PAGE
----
Where You Should Put Your Short-Term Money

Where You Should Put Your Short-Term Money

What’s the best financial strategy to use for short-term investing?

Imagine that you receive cash as a gift, inheritance, or bonus, and you decide to use it within the next 6 to 12 months for some major purchase. You park the money in the bank account and receive somewhere near 0% interest. Then you call up your financial advisor and say, “Isn’t there something better I can do with my money?”

As a financial planner and investment advisor, I’ve been on the receiving end of that call many times. People call me up because they want to know what to do with their short-term cash.

What options are available?

The standard types of investments that I often help people with include stocks, bonds, and mutual funds, as well as bank deposits and money market funds. Which of these are most appropriate for a short-term investment?

Should I invest in the stock market now?

If you put the money in a stock portfolio or a mutual fund which invests in equities (stocks), you have the greatest potential for gain. Unfortunately, the possibilities for making money go hand in hand with the potential for loss. So cross stocks and stock mutual funds off your list as a place to park short-term cash.

Are short-term bond funds a smart investment?

Short-term bonds or bond funds might make sense for those expecting to use the cash within a year. However, after expenses and taxes, and taking into account that these investments have some level of risk, it’s possible that you won’t come out any better by using them compared to simply keeping the money in a low yielding money market or bank deposit.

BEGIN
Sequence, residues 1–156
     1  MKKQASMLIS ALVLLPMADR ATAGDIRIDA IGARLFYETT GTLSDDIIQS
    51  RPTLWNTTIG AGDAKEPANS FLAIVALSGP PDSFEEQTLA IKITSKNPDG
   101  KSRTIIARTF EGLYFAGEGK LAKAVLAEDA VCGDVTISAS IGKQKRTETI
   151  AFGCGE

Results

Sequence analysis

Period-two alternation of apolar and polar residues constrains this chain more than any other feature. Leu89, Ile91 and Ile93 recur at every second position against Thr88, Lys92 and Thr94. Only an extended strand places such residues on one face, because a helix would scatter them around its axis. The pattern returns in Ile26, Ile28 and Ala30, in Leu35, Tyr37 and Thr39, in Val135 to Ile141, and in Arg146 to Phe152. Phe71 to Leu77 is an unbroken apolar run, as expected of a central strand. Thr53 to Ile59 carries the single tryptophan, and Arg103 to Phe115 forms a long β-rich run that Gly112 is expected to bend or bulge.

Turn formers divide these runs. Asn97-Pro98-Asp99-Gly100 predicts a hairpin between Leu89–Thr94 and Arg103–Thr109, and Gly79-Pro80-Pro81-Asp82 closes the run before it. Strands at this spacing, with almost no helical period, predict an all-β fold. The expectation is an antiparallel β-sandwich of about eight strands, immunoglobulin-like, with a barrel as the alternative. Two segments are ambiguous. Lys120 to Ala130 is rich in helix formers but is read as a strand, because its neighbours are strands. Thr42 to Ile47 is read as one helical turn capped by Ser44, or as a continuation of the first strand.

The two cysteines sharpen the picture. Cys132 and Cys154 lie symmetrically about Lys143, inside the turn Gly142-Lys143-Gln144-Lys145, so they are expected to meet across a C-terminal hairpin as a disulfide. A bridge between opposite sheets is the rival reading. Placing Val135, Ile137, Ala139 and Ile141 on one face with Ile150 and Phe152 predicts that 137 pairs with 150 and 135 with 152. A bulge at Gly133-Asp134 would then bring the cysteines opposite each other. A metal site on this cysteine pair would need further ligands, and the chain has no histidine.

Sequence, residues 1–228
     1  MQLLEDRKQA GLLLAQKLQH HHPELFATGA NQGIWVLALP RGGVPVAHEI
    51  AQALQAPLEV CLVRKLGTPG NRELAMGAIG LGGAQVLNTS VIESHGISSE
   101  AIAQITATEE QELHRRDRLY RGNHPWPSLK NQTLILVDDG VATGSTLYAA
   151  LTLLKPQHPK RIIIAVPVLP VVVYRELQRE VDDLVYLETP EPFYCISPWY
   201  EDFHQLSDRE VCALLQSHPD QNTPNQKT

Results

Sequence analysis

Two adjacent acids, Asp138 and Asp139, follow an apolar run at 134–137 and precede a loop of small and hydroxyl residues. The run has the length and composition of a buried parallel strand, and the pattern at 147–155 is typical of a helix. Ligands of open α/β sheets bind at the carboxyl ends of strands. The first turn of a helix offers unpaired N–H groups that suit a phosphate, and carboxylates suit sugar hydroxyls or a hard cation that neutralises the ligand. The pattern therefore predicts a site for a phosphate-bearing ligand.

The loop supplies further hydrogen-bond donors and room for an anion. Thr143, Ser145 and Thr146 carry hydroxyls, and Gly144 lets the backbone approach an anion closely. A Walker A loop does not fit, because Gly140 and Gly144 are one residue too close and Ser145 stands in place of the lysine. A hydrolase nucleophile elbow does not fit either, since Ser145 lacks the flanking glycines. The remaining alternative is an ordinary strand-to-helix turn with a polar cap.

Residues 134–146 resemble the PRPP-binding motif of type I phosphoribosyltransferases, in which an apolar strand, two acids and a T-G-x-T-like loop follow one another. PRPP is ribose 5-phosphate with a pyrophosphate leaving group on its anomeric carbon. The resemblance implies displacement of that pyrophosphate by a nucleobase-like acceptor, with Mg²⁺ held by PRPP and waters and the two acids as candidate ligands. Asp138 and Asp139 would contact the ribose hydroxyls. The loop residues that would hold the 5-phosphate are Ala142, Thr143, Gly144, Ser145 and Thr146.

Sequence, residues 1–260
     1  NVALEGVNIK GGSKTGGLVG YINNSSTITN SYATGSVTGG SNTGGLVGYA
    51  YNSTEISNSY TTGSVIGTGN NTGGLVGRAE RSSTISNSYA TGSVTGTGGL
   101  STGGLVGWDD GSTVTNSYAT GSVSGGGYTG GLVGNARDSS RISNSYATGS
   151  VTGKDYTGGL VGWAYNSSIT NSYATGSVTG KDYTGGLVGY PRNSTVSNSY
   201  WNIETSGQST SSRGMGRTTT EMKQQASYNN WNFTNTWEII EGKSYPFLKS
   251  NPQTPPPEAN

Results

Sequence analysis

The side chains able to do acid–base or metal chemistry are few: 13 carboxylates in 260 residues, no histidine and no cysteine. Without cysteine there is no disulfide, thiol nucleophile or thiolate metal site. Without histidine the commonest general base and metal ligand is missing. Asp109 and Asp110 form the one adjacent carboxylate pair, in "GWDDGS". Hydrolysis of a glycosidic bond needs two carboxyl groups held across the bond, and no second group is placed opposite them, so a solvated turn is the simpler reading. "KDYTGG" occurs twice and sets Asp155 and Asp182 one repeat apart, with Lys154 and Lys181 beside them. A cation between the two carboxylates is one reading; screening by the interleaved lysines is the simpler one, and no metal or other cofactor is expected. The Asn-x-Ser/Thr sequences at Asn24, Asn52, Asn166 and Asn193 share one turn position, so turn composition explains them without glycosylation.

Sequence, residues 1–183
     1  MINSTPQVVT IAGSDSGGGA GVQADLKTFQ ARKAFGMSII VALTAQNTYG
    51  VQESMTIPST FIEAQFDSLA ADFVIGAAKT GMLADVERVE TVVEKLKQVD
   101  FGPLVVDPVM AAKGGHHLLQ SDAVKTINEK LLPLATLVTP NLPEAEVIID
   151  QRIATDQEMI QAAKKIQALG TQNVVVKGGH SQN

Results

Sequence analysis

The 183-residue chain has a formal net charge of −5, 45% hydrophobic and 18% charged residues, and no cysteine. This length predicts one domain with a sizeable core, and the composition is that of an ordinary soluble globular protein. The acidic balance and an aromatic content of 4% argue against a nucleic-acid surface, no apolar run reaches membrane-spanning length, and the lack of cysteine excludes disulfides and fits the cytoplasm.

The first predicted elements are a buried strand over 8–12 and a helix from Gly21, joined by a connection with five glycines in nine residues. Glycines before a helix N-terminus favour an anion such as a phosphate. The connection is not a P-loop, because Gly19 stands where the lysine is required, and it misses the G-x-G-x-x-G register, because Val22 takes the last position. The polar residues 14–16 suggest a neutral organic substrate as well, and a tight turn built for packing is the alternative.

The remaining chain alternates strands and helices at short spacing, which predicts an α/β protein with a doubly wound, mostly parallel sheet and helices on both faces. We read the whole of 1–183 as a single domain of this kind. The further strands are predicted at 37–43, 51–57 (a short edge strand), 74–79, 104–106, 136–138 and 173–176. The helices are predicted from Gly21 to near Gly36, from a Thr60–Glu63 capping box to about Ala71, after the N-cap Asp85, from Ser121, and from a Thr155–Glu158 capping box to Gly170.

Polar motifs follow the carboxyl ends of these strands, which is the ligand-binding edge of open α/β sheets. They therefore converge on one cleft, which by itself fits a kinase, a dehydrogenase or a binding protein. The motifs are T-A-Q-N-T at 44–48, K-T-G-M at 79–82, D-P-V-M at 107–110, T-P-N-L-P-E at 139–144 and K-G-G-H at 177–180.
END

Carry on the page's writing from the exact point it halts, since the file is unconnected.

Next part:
Consider, as well, the amount of money in play. For example, if you net an extra 0.5% annualized return on a $25,000 investment over three months, you’ll end up with only about $30 more in your pocket. Is it worth the hassle to set up the account and do the paperwork? And more importantly, is it worth the potential risk? Let’s say the bond fund that you buy drops by 1% or 2%, not normally considered a major change, but certainly within the realm of possibility. Does it really pay to make the investment?

The bottom line

There is a cost for liquidity. That cost is that you cannot invest in any particularly aggressive fashion and you’ll have to settle for the low interest rates that your bank provides. Don’t try to outsmart the system and take greater risks with your short-term money.

What to do right now?

Even when investing for the short-term, keep a long-term approach and be wary of losing the principal that you will need in the future. Read this to learn what the top 3 things you should decide before investing should are.

Remember even short-term decisions can affect your long-term future.